- Attributed to Thomas de Critz (1607-53)
- (Canvas) Height 107 cm, Width 132 cm; (Frame) Height 129 cm, Width 155 cm
- In the left foreground a table heaped with large sea shells, to the right of which stands the half-length figure of Tradescant, three-quarters to the spectator's right, and close behind him the apparently taller figure of his friend, half turned towards him, against a dark background in which there is, to left of centre, a masonry block protruding into a small rectangular window, with inward sloping sill; beyond, a blue sky with pinkish clouds. The table-top, shown by convenient misuse of perspective as though tilted forward, is completely covered with reddish cloth. Tradescant's hair is brown and bushy, his beard full. He looks sidelong and upwards, as though into his friend's face, yet his head is turned a little away. He wears a broad soft white collar; his black coat, buttoned in front, is largely concealed by a mid-grey cloak lined with buff velvet, from which his hands emerge, his left holding a close-ribbed bamboo cane, behind the silver knob of which his right hand grasps his companion's left hand. Friend has shorter curling grey-white hair, balding on top, and a full beard; his purplish nose is unusually large. He looks across at the shells. He wears a similar collar over a russet tunic buttoned at the front. The back of his left hand is shown. Inscribed in yellow above the shells Sr. John Tradescant Junr. & his frind Zythepsa of Lambeth, and in black above Tradescant, 1645. Oil on canvas (relined), in a flat black and gold frame with a cherub at each corner and a leaf at the centres.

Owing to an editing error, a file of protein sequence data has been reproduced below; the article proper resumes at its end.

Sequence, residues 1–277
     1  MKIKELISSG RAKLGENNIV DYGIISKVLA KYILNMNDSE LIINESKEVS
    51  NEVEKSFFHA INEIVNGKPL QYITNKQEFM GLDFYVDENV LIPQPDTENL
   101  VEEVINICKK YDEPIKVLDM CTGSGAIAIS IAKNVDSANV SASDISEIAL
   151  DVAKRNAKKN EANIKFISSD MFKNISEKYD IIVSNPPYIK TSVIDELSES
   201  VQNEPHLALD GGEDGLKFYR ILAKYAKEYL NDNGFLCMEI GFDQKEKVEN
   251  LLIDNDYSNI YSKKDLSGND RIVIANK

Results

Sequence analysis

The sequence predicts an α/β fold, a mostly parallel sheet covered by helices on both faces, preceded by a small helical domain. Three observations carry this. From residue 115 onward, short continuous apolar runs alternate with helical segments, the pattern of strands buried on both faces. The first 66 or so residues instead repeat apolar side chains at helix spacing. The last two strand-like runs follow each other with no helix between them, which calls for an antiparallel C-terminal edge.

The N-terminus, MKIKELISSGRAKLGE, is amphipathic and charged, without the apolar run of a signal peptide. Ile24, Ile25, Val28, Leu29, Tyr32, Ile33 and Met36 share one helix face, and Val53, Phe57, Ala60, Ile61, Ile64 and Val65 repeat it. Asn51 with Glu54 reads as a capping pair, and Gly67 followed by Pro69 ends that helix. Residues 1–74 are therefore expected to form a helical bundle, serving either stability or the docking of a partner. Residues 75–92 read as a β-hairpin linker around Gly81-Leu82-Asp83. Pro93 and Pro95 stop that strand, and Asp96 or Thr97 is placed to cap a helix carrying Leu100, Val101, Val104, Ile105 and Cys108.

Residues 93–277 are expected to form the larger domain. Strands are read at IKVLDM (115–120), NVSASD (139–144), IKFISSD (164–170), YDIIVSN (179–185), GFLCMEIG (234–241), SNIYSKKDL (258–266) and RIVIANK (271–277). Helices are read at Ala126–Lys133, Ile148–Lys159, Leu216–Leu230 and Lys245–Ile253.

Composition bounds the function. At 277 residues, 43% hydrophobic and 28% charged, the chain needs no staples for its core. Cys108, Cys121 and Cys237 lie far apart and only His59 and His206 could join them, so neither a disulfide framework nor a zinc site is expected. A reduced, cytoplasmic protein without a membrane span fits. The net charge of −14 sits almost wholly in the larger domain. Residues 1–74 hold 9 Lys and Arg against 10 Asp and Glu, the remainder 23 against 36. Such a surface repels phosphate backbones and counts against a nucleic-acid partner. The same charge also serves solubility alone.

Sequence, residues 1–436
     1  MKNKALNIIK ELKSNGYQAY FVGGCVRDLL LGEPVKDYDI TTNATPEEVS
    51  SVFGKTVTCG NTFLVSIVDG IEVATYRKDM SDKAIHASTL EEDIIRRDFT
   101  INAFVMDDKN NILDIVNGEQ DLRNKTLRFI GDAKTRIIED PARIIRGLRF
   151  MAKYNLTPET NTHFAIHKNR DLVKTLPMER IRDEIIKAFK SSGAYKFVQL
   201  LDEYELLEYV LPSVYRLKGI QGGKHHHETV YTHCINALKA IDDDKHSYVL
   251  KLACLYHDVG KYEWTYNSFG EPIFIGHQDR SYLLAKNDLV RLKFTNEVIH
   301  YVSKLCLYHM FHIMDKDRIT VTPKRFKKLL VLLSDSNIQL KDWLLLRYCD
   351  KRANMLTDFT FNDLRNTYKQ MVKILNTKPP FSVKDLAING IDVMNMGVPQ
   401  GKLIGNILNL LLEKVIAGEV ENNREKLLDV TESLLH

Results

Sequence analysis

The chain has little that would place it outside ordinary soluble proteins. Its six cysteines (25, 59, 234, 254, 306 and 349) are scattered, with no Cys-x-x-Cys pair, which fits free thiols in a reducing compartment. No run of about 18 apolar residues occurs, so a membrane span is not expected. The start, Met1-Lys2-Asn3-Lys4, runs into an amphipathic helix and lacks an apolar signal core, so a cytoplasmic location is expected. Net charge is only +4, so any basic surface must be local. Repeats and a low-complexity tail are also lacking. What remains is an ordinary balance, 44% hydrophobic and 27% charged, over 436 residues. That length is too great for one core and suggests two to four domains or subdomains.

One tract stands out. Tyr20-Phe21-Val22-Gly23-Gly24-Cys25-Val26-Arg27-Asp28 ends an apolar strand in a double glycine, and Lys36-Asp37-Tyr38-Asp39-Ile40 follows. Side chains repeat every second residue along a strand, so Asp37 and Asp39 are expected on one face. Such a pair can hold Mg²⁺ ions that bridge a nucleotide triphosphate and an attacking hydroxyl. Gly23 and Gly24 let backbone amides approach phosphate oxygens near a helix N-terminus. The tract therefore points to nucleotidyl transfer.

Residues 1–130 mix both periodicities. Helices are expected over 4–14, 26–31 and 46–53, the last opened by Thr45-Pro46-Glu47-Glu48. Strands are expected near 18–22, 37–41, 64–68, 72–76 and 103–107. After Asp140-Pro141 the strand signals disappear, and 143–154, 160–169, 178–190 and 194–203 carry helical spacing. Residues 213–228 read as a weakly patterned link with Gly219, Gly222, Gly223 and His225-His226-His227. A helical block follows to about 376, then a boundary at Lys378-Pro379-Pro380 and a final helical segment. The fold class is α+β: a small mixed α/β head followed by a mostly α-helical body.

- The painting has long been held as remarkable for the quaintness of the name �Zythepsa', and for the uniqueness in Carolean painting of such a still-life, as much as for its eccentric composition and the portrait of Tradescant. The extraordinary division of the painting into a double portrait on the right and a display of shells on the left cannot have merely been a costly whimsy. Tradescant turns from the shells, while his consciousness of them is indicated by his gesture with his cane in their direction, to look earnestly at, and grasp the hand of, Roger Friend, perhaps in thanks for such a splendid contribution to his closet of rarities. The willingness of Friend's generosity was evidenced by the embrace with his right hand, seen (under a strong light) clasping Tradescant's cloak just above the far edge of the table. The elimination of this hand has weakened the picture's explicitness: the feeble painting of his left hand is due to later repairs intended to remedy the �very bad state of canvas'. Traces of earlier paint loss are still evident.
- Museum Id. No:
1685 A f. 50, no. 91: Pictura Joh: Tradescanti junioris cum amico suo... Friend Zythepsa Lambethano. 667